Major fire service shake-up in Suffolk 'rejected'

Firefighters in Sudbury Image copyright Mark Eley
Image caption About 100 firefighters tackled a blaze in Sudbury in September

Plans for a major shake-up of the fire service in Suffolk, with the possible loss of 20 posts, have been rejected by the public.

The county council is looking at cutbacks to meet a government grant reduction of £1.3m by 2018.

Plans put forward in November also proposed scrapping seven of the county's 47 fire engines.

The Fire Brigades Union (FBU) welcomed the consultation results. The council said no decisions had yet been made.

Roy Humphreys, brigade secretary of the Suffolk Fire Brigades' Union, said he was "not surprised" by the public's opposition to the cuts and hoped the council would reject the reduction in services.

"We need to keep all our fire engines. We are already poorly funded and cannot afford to cut fire stations anywhere in the country," he said.

The Suffolk County Council consultation received 1,645 responses to a questionnaire, a report to the council reveals.

Of those who responded, 73% did not think the fire service had "adequately taken account of foreseeable risk in planning the future of the service".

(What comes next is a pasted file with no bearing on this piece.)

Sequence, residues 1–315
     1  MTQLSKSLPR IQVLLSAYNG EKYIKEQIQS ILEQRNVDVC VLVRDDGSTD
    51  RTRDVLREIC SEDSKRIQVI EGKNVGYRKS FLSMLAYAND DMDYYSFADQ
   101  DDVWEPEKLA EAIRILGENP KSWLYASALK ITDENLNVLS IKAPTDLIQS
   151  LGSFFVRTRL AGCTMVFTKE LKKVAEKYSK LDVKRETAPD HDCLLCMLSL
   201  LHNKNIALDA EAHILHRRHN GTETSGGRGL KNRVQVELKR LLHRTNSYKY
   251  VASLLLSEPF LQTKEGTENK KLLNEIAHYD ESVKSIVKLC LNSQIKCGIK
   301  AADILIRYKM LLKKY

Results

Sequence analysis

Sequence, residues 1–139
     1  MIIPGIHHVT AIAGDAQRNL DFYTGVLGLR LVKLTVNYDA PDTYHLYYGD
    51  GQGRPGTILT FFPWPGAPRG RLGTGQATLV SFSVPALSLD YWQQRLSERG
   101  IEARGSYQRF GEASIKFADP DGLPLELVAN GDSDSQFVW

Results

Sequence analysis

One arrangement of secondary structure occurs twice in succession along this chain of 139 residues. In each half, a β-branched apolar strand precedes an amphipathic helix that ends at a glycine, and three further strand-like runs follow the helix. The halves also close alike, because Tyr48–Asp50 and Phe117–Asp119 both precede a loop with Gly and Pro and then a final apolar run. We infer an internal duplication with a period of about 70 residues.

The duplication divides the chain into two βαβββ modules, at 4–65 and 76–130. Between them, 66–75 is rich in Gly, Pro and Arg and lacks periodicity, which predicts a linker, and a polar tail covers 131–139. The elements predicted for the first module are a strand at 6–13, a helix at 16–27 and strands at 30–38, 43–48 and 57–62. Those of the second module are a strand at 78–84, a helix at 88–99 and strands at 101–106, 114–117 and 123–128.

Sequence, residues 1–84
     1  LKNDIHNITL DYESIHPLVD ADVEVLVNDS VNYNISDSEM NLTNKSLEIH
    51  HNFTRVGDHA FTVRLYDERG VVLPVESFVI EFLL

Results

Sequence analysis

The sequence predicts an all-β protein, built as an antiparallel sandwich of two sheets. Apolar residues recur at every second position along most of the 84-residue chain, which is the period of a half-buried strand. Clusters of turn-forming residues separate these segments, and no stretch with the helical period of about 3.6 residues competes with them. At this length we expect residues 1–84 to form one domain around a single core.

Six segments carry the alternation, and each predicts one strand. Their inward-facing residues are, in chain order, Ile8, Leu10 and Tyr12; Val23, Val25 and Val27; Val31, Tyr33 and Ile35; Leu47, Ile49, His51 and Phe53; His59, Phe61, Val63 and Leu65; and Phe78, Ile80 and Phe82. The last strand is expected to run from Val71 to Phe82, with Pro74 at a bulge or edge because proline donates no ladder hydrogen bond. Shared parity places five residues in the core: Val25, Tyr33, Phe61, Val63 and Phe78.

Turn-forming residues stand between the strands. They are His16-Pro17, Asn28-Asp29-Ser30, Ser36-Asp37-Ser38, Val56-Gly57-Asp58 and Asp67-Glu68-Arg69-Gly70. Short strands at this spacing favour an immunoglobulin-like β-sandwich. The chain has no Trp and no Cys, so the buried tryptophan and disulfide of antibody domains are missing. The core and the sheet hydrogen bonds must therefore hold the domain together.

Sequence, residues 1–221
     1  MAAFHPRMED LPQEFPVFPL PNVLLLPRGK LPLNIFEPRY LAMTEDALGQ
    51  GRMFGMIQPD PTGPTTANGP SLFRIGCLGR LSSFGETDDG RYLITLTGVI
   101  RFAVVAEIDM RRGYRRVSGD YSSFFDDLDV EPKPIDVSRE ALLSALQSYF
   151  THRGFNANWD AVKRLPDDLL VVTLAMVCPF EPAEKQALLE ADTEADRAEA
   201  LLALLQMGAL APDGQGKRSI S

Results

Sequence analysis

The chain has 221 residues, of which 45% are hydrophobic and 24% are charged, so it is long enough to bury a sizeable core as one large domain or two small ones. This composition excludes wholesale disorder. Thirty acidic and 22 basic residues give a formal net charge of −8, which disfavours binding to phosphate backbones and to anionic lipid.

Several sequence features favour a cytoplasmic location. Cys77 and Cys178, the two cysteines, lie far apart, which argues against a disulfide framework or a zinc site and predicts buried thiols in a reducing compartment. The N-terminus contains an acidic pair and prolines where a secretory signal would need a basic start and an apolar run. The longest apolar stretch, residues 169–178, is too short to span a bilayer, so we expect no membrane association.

Image copyright Google
Image caption The plans could see one fire engine cut in Lowestoft

County proposals for the fire service:

  • Cutting one on-call fire engine at Bury St Edmunds
  • Removing three fire engines in Ipswich and redeveloping the Princes Street Fire Station
  • Cutting one fire engine in Lowestoft
  • Replacing one fire engine in Sudbury with a rapid response firefighting vehicle
  • Closing Wrentham Fire Station

Twenty-two per cent thought the service had the right balance between fire prevention, protection and its emergency services.

Only one in 10 respondents believed it was "reasonable" to reduce the number of fire engines in Ipswich from six to three, with 85% disagreeing.

The council also received a 6,184-signature petition, organised by firefighters, opposing the cuts.

The council's cabinet member for public protection, Matthew Hicks, said: "I want to reiterate that no decisions have yet been made".

The authority organised a number of focus groups involving about 50 people and they showed more support for the "overall case for change" in the fire service.

The options for change would be presented under the Integrated Risk Management Plan on 17 May, said Mr Hicks.

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